In part three of the serialisation in the Daily Mail today, it is claimed George Osborne and Cameron handed £93million to Boris Johnson to fund policing in London in exchange for him keeping quiet during the Tory conference.

Fortunately our #JezWeCan necklaces have been delivered in time for Labour's conference in Brighton which begins this weekend. If you are in town please make sure you join Paul in conversation with Dan Jarvis at lunchtime on Monday. There will be snacks. And politics.

dan jarvis

3) CAMERON GORED BY BIG BEAST

Al Gore was in London yesterday to deliver a speech on climate change. The former vice president insisted he was not going to interfere in domestic British politics - before going on to smack his speaking podium in frustration and slap David Cameron around a bit for u-turning on several green policies.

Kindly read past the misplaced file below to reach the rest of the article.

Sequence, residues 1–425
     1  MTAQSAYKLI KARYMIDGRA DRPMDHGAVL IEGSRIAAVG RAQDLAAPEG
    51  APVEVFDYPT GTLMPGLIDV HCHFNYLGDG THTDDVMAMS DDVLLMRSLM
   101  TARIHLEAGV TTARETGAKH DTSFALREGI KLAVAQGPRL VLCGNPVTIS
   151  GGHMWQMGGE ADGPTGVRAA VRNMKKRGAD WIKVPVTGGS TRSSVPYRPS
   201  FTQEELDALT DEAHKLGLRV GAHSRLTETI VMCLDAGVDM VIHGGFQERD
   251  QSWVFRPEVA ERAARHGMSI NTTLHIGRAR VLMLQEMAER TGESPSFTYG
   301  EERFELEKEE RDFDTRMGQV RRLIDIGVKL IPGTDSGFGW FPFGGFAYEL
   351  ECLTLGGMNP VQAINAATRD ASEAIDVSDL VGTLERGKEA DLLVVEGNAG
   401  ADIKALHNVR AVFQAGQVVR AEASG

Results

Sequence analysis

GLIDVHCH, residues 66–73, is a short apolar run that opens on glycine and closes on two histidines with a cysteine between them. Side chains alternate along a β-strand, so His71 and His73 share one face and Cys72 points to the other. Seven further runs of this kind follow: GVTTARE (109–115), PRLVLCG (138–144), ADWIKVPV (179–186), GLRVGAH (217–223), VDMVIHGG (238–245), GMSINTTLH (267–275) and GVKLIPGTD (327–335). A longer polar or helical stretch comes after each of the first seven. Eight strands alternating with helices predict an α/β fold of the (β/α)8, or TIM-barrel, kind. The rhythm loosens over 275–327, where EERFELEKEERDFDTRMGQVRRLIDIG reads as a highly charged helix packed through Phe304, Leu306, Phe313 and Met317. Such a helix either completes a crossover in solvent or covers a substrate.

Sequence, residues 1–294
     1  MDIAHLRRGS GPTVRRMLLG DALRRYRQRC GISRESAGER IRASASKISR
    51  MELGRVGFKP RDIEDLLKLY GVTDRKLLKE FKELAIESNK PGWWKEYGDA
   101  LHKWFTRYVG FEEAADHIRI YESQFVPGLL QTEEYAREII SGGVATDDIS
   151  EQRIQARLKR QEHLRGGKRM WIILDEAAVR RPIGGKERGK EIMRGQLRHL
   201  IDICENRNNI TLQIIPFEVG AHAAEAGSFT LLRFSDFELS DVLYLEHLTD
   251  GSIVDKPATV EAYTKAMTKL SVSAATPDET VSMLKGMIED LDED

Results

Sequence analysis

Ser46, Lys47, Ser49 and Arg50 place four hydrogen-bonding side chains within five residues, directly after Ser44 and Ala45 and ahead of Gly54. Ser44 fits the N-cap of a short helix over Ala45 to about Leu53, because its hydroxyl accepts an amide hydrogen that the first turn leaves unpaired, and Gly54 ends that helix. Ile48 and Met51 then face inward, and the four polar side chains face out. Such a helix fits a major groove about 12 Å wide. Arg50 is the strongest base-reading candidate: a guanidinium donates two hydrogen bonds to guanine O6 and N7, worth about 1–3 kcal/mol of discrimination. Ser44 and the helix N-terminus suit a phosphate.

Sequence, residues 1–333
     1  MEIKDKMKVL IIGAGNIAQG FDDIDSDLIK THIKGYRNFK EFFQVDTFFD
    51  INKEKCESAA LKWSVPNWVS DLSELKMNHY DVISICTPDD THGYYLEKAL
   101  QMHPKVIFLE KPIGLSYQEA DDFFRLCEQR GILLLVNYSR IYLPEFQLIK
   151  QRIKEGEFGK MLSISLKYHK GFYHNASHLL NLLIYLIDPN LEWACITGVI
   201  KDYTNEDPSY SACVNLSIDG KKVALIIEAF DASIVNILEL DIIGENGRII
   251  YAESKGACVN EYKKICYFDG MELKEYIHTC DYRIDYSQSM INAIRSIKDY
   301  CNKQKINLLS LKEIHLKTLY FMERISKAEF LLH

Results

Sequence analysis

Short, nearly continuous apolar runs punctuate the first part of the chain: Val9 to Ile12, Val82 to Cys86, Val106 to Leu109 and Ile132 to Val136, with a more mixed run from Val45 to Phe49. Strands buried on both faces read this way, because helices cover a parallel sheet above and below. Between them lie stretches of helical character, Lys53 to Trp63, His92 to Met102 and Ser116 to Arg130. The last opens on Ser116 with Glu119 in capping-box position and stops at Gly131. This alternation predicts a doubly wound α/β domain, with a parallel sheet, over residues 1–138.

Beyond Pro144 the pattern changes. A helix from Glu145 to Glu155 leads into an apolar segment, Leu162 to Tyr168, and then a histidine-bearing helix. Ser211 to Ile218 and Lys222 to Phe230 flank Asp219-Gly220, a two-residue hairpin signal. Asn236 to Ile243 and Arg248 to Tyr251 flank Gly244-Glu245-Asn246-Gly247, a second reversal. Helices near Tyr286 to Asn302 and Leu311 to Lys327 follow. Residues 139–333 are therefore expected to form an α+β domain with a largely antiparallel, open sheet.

Gore was personally invited to meet Cameron and his shadow cabinet before the 2010 election where he was given pledges and commitments that "inspired" him. Commitments that have now, he says, been undone. "The actions that have been taken here in the last few months are puzzling to me," he said. Does he feel betrayed? "I would be tempted to use that word," Gore said.

He added: "I have been partisan in my country. I have never dared to express a partisan view in this country, I have refrained, as I should, I am not a citizen of your country. But too much is at stake."

BECAUSE YOU’VE READ THIS FAR: Celebs finally read mean tweets live, and their reactions are perfect

4) OH CRUD

Jon Cruddas is still sounding quite depressed about Labour's fortunes. The Dagenham MP who was Ed Miliband's policy coordinator, and is something of a thinker, gave a speech at Queen Mary University in East London last night. "In 2015 we woke to a country we could barely recognise," he said. "Labour is not in good shape in England. We collided with the electorate in May."

You can read the full speech online here, but the core of his message, delivered once again, is forthright. And not exactly in tune with the Corbyn agenda. "The Tories won because of austerity," he said. "Voters did not reject Labour because they saw it as austerity lite. They rejected Labour because they thought the Party was anti-austerity lite. The Tories message on the deficit was clear, Labour’s was not. The Tories were trusted to manage the country’s finances, Labour was not."